The last two weeks have proved to be quite eventful for this country. Canadians are learning the ins and outs of cannabis legalization and it hasn't all been smooth sailing. The industry has had a lot of hiccups leading up to and following October 17th, and it's taking a toll on Canada's biggest cannabis companies.
With marijuana legalization being one of Canada's biggest milestones, you'd expect pot companies to be raking in the dough right now. However, Martin Landry, an analyst for GMP Securities who spoke to Financial Post is quite certain of one thing - their 2018 sales are going to be a lot lower than they were expected to be and there are a lot of things to blame.
A number of issues have presented themselves in the wake of legalization. For example, due to supply shortages, Quebec's provincial cannabis retailer has been forced to close down all 12 of their stores for three days.
The SQDCs closed down yesterday and will reopen Thursday in hopes their product shortages will stabilize. Alberta and BC are also facing supply shortages, they only have 18 stores open across the provinces which are way less than what was expected for this time of year.
IT’S CONFIRMED!! Quebec SQDC Cannabis stores will be closed 3 days a week! Stores will be open for business, only from THURSDAY TO SUNDAY, until supply issues are addressed!!— weedmanstock (@weedmanstock) October 26, 2018
The Ontario Cannabis Store has had some serious problems supplying their customers as well. However, their problems stem mostly from the Canada Post strike which has resulted in major delivery delays.
Canopy Growth, who owns the Tweed brand, is one company being affected by distribution hiccups. GMP predicts their capture of the market share will drop from the expected 33 percent down to 20 percent. They say this is also the result of their choice to sell only one strain of product to the OCS.
The OCS has released the following update: pic.twitter.com/JL1V7ABO5C— Ontario Cannabis Store (@ONCannabisStore) October 26, 2018
CannTrust Holdings says provinces put in cannabis orders with them way later than expected. Therefore, they've only shipped a minimal amount of marijuana. Because of this, their sales expectations by GMP have dropped from 1,000 kg all the way down to 100 kg.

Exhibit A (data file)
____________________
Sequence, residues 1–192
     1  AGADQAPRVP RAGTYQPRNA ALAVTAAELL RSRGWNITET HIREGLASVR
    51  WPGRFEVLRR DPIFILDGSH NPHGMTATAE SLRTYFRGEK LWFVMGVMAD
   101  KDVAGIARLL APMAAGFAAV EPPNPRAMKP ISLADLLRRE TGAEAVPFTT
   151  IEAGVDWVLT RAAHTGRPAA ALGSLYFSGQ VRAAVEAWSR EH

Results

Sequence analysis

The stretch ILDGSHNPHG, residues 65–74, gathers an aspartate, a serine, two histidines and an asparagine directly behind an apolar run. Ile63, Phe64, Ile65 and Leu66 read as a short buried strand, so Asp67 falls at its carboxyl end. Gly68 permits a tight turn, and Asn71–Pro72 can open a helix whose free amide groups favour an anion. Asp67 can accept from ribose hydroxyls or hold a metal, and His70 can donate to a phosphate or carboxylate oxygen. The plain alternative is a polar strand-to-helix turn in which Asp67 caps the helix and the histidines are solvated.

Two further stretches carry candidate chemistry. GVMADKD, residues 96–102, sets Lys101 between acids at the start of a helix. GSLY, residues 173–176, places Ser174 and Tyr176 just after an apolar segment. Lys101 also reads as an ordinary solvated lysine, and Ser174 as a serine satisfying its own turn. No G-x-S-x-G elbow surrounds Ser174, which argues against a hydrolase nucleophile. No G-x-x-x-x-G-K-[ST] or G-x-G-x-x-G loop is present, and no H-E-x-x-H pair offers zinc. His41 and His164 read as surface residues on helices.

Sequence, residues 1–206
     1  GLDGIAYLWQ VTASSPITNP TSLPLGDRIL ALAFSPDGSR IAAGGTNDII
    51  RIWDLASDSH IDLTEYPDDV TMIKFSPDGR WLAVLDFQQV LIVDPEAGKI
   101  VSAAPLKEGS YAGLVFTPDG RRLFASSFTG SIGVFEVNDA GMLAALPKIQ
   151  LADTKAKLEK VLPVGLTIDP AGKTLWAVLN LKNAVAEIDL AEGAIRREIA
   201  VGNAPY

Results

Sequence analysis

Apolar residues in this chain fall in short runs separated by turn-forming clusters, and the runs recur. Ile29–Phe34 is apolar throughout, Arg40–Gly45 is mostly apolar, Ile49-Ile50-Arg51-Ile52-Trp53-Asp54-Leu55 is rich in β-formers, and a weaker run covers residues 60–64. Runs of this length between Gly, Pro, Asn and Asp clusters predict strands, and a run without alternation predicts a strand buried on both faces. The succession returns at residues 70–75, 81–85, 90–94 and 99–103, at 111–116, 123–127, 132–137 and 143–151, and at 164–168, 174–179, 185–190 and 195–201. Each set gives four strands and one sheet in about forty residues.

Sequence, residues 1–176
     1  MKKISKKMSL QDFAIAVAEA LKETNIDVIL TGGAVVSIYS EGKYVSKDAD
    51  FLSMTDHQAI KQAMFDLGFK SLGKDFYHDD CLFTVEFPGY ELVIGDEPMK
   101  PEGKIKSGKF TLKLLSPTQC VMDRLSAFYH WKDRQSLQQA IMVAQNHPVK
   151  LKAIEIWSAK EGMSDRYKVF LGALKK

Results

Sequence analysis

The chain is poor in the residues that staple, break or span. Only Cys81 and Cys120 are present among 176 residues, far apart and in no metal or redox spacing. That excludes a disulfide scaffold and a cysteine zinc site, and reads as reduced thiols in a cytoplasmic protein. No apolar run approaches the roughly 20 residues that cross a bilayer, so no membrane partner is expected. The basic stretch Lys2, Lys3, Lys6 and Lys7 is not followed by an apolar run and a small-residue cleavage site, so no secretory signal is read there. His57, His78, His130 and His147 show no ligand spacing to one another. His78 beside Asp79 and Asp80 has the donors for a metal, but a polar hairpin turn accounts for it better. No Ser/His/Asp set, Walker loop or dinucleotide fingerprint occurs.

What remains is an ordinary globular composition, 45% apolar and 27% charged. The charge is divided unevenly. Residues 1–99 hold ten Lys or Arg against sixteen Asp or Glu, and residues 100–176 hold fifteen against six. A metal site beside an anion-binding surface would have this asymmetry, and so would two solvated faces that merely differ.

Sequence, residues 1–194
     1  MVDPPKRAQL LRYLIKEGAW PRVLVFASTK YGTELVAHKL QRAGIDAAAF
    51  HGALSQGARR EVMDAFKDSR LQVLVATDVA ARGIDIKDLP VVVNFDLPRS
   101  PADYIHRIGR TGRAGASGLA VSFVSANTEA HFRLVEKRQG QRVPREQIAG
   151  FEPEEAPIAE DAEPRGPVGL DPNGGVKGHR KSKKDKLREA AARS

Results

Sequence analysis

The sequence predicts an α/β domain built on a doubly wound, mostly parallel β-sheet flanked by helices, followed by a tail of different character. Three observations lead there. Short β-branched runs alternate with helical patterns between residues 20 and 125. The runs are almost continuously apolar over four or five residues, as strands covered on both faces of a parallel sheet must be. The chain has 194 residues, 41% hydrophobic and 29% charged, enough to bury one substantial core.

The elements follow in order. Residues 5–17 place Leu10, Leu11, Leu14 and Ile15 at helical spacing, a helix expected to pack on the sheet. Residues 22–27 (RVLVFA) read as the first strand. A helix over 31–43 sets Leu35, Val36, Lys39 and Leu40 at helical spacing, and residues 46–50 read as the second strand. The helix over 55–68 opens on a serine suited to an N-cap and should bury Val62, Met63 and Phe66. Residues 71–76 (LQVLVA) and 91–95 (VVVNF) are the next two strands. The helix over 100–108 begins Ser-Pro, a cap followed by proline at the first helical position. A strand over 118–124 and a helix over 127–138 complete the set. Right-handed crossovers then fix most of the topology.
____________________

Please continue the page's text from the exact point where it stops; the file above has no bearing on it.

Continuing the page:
READ MORE: Canada Post Workers Are Prepared To Strike On Monday And Now People Are Freaking Out About Not Getting Their Weed
Dried flowers from Cronos Group are currently sold right out in Ontario but are still available in BC. They were only able to ship a small portion of their supply due to delays in receiving necessary excise stamp - a marker indicating appropriate tax has been paid for by the manufacturer. Because of this, GMP predicts they will only make $3.6 million in revenue, rather than the $11 million initially predicted.
Landry says the issues each of these companies are facing could potentially take months to figure out. Quarterly earnings reports are expected to be revealed in November. While they won't reflect post-legalization sales, they will reveal the recreational product shipments sent out by producers.
If their reports are anything like GMP is predicting, it'll be clear that legalization has been a huge flop for Canadian cannabis companies so far.
More from the Canadian Cannabis Legalization series:
- A Neighbourhood In Toronto Just Completely Banned Smoking Marijuana In Public
- We Bought 30 Grams Of Legal Weed Online In Ontario And We Learned Some Very Concerning Things
- The Toronto Neighbourhood With The Most Pot Smokers Was Just Revealed And It's Not At All Where You Thought It Would Be
- This Is What You Need To Know For Marijuana Use By Province In Canada After October 17th
- The Canadian Province With The Most Pot Smokers Was Just Revealed And It's Not At All Who You Thought It Would Be